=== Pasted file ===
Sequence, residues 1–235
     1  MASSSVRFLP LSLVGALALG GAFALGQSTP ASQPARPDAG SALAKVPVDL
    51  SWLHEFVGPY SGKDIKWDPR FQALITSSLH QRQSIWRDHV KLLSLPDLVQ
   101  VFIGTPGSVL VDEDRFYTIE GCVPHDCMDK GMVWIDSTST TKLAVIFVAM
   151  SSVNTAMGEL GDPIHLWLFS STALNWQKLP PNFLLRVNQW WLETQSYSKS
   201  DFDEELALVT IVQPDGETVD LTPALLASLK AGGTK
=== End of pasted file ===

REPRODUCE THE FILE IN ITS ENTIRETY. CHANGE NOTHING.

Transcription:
Sequence, residues 1–235
     1  MASSSVRFLP LSLVGALALG GAFALGQSTP ASQPARPDAG SALAKVPVDL
    51  SWLHEFVGPY SGKDIKWDPR FQALITSSLH QRQSIWRDHV KLLSLPDLVQ
   101  VFIGTPGSVL VDEDRFYTIE GCVPHDCMDK GMVWIDSTST TKLAVIFVAM
   151  SSVNTAMGEL GDPIHLWLFS STALNWQKLP PNFLLRVNQW WLETQSYSKS
   201  DFDEELALVT IVQPDGETVD LTPALLASLK AGGTK